For a year after Tara died, I grieved and prayed for his safety. I ached for his return to my embrace. God worked a miracle. Spencer came to live with us, and at last I had hope for healing.  

We painted a bedroom and declared it his. We filled the space with books and games, trying to replace the ones that were lost. I hung his mother’s cross from the corner of his bulletin board to remind him of her love and her faith. No matter what I did, Spencer's heart wasn't with us.

He spent hours in his room playing his mother's guitar. He never spoke of what had transpired until one day he asked, "What happened to Cleo?"  It broke my heart to not know the answer, but I did know what needed to be done.

The kitten marched into our lives with a swagger and frisky confidence. He was a tiny, tuft of terrifying-in-his-own-mind orange fur.  His scrawny body and over-sized head gave no hint of the twenty-pound beauty he would become.  In his self-assured kitten heart, he was already there.

All bluff and fluff, he pounced on fuzzy balls that rolled across the floor. He stalked a stuffed mouse that Spencer pulled from a string. He leapt from a frozen crouch to a death-defying three feet in the air to capture imaginary birds on the end of plastic sticks. His tenacity and hunting skills would have brought pride to a mother lion’s heart. Affectionately named Mack O’Hara Cox, a nod to our family’s Irish roots, the Maine Coon kitten brought new life to the house.

And Spencer came home.

Mack--the healing cat--came into our lives and replaced tears with laughter and brought with him a love big enough to fill the hole in a boy’s broken heart.

Healing takes many forms--from physical cure to emotional recovery. When have I known healing? How did it begin?

Have I found healing in unexpected places? Where were they?

Tuesday, February 8, 2011

Savoring Stillness

I shall miss cold, drizzly February days that give permission to do nothing more than stir the soup and sit by the fire. But unlike the still winter garden that gathers strength for spring, I am chided by inner voices that demand, “Get busy! Do something!” It’s hard to claim fallow time for Sabbath or retreat. The world rarely respects the rhythm of rest.

We greet one another at parties asking, “What do you do?,” rather than saying, “Tell me about yourself.” We reply by rattling off our resumes, as if preparing for a job interview. We ask each other when reuniting in the evening, “What did you accomplish today?”  We respond with a litany of checked off-items on our to-do list.  I never mention the book I read or the nap I took, and I've never had the courage to reply, "I took the day to be with God."

I confess. On afternoons when I knew my answer would be “nothing,” I have hurried through the house before my husband's return spraying air freshener, hoping the scent would leave the impression of time spent cleaning.  I have turned on an empty washing machine hoping the churning sound would suggest activity. I didn't ask, “What is wrong with this picture, or why is it so hard to give myself time to just "be?"

There is a story about a South American tribe who marched day after day, mile after mile, when all of a sudden, for no apparent reason, they stopped walking, sat down to rest for a while, and then made camp for several days before going farther.  When asked why they stopped, they explained. They needed the time of rest so their souls could catch up with them.

The ministry of Jesus models for us the spiritual importance of retreat, “Come with me by yourselves to a quiet place and get some rest.” (Mark 6:31) He taught the liberating truth that it is God’s care and not our busy striving that sustains our life. Retreat is not just a getaway from chaos, but an invitation to immerse ourselves in the companionship of God.
I place another log on the fire and claim this rainy, winter day as a Sabbath day, a day of retreat, a time to wait and listen and rest before God--a time to let my soul catch up with me.  I resist the urge to “be productive,” and I give myself permission to savor the chance to sit at the feet of Jesus and to accept his invitation, “Beloved, come away with me for a while. Be still and know that I am God."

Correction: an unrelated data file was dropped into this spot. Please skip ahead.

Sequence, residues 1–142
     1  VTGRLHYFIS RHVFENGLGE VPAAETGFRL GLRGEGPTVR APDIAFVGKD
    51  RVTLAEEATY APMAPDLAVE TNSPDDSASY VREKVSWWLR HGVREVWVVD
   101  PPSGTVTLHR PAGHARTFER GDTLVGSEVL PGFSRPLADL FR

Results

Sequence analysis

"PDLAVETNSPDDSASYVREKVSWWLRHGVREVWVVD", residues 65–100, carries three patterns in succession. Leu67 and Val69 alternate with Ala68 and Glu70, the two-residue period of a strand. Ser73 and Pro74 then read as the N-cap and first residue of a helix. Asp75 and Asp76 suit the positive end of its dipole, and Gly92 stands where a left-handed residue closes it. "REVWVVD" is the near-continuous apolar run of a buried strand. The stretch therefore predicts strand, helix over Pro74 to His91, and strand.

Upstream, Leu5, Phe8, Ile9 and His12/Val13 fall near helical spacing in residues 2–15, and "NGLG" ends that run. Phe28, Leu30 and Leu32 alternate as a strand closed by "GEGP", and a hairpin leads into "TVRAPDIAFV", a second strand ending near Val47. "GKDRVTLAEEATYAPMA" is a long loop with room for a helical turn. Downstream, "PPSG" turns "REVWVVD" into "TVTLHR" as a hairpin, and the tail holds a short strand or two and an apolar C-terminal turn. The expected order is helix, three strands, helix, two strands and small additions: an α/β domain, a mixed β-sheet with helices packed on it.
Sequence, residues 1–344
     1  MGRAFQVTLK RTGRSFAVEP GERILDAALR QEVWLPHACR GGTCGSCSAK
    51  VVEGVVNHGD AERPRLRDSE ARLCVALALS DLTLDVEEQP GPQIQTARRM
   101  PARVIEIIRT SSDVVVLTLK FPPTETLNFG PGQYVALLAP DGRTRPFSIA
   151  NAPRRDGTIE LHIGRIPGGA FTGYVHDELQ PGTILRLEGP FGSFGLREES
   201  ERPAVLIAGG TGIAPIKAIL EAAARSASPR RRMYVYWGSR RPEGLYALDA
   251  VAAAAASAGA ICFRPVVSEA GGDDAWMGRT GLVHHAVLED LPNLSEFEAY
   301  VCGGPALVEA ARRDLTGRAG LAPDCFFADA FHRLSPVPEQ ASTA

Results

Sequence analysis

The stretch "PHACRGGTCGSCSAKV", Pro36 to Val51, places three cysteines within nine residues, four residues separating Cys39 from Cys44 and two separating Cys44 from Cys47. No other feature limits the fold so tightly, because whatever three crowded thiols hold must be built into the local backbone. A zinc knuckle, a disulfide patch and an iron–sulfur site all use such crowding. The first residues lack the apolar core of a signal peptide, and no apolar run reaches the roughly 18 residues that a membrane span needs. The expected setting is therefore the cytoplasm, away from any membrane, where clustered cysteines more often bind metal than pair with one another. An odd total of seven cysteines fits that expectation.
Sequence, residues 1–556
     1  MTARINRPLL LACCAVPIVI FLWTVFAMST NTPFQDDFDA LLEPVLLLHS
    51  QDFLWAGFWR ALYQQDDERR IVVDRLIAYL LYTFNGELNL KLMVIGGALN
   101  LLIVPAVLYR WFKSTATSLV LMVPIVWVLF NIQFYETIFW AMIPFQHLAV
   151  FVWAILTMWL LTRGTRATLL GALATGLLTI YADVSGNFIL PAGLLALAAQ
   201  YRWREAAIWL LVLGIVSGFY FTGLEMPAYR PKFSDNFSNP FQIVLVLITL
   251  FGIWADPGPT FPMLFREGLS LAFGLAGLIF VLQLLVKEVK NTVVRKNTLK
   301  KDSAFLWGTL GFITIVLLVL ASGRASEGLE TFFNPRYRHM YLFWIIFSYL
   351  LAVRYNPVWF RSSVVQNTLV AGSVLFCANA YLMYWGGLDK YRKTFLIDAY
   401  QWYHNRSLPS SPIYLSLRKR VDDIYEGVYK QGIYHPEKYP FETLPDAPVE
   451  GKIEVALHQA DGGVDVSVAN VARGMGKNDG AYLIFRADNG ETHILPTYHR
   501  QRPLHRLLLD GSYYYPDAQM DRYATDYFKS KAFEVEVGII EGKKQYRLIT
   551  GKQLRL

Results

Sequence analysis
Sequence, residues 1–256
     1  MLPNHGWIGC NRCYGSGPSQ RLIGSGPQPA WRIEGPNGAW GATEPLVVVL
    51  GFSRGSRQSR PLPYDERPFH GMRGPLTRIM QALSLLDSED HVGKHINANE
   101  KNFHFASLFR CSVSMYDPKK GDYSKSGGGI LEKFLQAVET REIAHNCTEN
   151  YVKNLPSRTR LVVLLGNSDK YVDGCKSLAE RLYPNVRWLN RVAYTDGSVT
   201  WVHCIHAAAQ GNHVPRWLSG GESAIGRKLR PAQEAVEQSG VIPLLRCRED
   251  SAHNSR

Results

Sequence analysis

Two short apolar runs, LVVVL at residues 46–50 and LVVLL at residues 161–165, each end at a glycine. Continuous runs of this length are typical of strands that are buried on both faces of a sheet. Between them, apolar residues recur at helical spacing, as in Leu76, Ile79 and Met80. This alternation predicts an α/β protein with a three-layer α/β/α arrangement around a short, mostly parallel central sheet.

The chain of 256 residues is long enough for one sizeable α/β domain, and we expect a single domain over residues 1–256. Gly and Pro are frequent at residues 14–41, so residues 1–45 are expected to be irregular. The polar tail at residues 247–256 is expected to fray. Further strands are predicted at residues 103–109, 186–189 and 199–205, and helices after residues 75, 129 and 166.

If someone were to say, "Tell me about you," rather than asking, "What do you do," how would I respond?  

Do I feel guilty if I'm not doing something?

Do I allow myself time to just be, to honor a rhythm of rest? Why? Why not.

Do I ever take time to get away for retreat?  What might that look like for me?

How might God be calling me to Sabbath time?

Prayer Practice:

Breath prayer is the most ancient and gentle form of prayer.  Take a moment to settle into stillness, begin deep, slow, rhythmic breathing. Inhale all that is of God. Exhale all that is not.  When you are ready, breathe in the words..."be still." Exhale..."and know." As you breathe, accept the embrace of God.  Return to breath prayer throughout the day to savor a moment for stillness.

Suggested verses for breath prayer:
Psalm 46:10  Be still/and know
Isaiah 43:1  I have called you by name/you are mine
Isaiah  30:15  In quietness and in trust/shall be my strength
Isaiah 43:4  You are precious in my sight/and I love you
Isaiah 43:5  Do not fear/I am with you

Thursday, February 3, 2011

Tending the Flame


A story from Bold Expectations of the Gospel by Donald J. Shelby: 

            Winter was closing in, and the supply boat had not yet arrived with reserves of oil.  The few inhabitants of the little village were facing discomfort and possible death in the cold, bleak area, for their individual oil supplies were running out.  Because they were his neighbors and because he was a compassionate man, the keeper gave away, little by little, the reserves of oil at the lighthouse.  Then one night the bright beacon light went out, and there was no oil to feed the flickering flame.  The very supply ship bringing the needed reserves of oil was driven onto the rocky coast and destroyed.

            It is only a story, but it suggests this truth about life.  We are never to give away the oil of our lamp, be it ever so little.  Our gift is the flame.  It is blessed to give, but it is also blessed to keep, to reverence our own life.  If we do not rest, we soon will not be able to communicate.  To give to others, we must keep something for ourselves.  Before going out to serve others in the name of God, we let God in to serve and recreate us. 

“Come away by yourselves to a lonely place, and rest a while.”  (Mark 6:31)

  • Do I give reverence to my own life?
  • Do I set aside time to tend the flame?  When? How firm is that commitment?  
  • What renews my spirit?